What is the continuing utility of the concept of legislative intent?
This is the second question, which I proposed earlier. The utility of the legislative intent concept is that it operates to constrain the judge in the interpretive role in a constitutionally appropriate way.
By way of the legislative intention concept, the common law provides constitutional orientation for the judge when engaged in statutory interpretation. That is, when the judge says that the goal is to ascertain what the legislature intended, the judge is acknowledging the nature of the judge’s constitutional relationship with the legislature, although rarely is this spelt out in intermediate appellate or trial courts.
The legislative intent concept implicitly recognizes that the Parliament makes law by its enactment of the statute; that the judge must apply the law; and that, given the limits of language and imagination, it is often impossible to spell out in so many words what the law requires to be done in every situation to which it applies. In the interpretive task, the judge ‘bridges the gap’ between the statutory provision as enacted by the legislature, and its operation and application in the circumstances of the particular case, via the concept of legislative intent. At the same time, the legislative intent concept acknowledges that, in practice, the judge is the final arbiter of the meaning of the law and therefore its application to the case at hand. In the interstices of the concept, there may also lurk recognition that, in the Australian context at least, the executive lacks direct power to make domestic law (as the legislature does) or to interpret the law (as the judge does). As the High Court has said in Zheng v Cai and numerous cases since then, legislative intent is “an expression of the constitutional relationship between the arms of government with respect to the making, interpretation and application of laws”.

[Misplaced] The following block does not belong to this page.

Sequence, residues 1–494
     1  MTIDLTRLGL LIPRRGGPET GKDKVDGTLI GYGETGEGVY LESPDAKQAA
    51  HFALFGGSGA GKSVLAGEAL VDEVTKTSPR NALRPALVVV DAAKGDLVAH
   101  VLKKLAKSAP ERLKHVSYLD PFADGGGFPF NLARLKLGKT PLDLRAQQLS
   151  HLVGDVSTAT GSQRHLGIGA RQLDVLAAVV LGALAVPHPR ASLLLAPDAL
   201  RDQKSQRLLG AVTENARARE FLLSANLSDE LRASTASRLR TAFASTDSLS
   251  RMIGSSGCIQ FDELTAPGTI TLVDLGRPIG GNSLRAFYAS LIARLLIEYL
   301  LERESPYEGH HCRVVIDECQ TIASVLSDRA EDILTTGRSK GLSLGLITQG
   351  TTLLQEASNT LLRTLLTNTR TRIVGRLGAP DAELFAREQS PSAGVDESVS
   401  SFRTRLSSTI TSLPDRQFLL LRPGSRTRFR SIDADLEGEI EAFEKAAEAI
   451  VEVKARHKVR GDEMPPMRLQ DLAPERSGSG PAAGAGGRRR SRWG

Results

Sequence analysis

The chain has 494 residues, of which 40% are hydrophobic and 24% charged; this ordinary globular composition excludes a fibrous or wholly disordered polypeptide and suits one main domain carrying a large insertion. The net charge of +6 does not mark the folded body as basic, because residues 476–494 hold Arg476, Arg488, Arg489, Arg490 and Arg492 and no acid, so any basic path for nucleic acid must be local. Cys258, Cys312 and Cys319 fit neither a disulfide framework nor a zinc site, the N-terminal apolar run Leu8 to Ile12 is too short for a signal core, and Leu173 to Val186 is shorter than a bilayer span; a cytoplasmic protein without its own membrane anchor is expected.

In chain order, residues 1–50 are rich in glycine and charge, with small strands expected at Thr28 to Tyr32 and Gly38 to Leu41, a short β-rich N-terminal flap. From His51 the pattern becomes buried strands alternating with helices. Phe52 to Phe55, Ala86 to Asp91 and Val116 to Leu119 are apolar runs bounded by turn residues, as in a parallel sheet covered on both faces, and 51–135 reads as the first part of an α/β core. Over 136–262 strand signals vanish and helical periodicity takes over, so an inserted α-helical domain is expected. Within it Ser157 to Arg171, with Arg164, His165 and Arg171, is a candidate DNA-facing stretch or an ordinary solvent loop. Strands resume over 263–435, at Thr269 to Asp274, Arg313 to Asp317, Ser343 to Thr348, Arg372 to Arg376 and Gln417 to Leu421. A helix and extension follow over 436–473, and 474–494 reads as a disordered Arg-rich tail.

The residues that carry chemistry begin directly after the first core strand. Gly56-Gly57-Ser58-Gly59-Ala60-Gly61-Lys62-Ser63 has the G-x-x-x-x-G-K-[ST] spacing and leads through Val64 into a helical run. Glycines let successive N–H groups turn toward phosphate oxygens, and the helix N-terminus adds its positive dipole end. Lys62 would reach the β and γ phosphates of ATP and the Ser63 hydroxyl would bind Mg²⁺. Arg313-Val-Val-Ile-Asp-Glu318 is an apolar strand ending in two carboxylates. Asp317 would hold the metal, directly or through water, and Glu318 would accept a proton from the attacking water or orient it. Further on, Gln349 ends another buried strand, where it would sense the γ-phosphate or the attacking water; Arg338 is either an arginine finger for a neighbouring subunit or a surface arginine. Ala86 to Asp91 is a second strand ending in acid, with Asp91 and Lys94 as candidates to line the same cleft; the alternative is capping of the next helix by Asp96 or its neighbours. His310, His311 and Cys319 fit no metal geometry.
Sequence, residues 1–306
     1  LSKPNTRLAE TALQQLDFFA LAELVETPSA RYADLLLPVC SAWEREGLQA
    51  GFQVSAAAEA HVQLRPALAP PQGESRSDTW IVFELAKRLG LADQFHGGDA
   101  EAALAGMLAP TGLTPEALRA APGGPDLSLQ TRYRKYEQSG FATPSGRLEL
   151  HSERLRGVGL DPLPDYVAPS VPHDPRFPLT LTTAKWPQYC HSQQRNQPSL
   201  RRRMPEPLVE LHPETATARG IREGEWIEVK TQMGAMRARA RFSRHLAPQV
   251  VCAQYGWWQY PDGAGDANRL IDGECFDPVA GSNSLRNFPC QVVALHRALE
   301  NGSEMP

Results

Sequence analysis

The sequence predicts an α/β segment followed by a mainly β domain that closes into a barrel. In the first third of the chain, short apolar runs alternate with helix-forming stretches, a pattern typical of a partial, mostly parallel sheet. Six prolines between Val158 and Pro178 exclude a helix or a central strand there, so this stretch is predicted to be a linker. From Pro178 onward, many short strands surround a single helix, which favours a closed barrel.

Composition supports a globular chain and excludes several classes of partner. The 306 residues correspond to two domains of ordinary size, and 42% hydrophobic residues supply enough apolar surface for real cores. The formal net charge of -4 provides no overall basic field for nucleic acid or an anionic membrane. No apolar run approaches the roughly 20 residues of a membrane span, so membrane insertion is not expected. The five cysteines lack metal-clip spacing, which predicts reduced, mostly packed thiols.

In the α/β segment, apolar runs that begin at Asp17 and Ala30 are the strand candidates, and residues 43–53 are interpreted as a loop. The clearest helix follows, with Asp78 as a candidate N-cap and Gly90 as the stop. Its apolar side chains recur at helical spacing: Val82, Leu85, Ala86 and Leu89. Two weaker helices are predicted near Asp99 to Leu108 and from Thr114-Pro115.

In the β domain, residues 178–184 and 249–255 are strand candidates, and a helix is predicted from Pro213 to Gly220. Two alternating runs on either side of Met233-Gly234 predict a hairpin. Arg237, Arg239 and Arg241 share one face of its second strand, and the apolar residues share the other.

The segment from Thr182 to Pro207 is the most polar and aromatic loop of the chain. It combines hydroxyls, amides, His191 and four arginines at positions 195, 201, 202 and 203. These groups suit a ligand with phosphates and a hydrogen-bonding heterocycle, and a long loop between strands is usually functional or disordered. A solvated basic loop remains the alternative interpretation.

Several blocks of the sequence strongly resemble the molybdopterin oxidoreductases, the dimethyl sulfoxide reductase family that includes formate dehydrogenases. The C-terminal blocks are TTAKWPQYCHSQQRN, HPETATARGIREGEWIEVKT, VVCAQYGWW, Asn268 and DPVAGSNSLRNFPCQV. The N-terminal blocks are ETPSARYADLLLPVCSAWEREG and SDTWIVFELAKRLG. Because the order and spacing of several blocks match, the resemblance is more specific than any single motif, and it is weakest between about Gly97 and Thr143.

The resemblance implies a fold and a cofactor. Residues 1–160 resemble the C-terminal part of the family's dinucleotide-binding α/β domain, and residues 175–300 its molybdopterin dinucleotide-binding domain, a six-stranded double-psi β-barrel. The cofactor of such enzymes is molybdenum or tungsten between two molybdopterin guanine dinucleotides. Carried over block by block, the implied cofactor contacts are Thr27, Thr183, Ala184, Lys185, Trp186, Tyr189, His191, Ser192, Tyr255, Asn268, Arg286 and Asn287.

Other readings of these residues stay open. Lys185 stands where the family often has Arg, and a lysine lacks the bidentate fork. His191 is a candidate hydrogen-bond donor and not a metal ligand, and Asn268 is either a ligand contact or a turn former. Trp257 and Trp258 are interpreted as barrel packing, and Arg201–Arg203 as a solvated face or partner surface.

Has the legislative intent concept any practical effect on how the judge undertakes statutory interpretation?
This is my third question. As I have said, the concept provides the judge with a constitutional compass, but it does a great deal more than this. It also identifies the rules that govern the judge’s interpretive role. In any particular case, the legislative intention is arrived at by the accepted rules of construction, whether sourced in common law or statute. Momcilovic makes clear that, in Victoria, this includes s 32(1) of the Charter of Human Rights and Responsibilities Act 2006 (Vic) (‘the Victorian Charter’). As the joint judgment in Lacey states, the “[a]scertainment of legislative intention is asserted as a statement of compliance with the rules of construction, common law and statutory, which have been applied to reach the preferred results and which are known to parliamentary drafters and the courts”. Similar statements can be found elsewhere in the judgments of the High Court since Zheng.
Whether or not it is desirable to invoke the putative knowledge of drafters, or as in Zheng, to take guidance from the “relationship of all arms of government in the system of representative democracy” is unclear. Perhaps, statements of this kind emphasise that the rules are not just judge-made; rather, they are accepted through-out government. Be this as it may, it is apparent that, by employing a concept of legislative intent, the common law neatly expresses the constitutional relationships that exist between the legislature and the judge when the judge engages in the interpretive task. The use of the expression ‘legislative intent’ is, in a sense, code for some of the most fundamental aspects of the way the legislature and the judge relate to one another in the matter of statutory construction.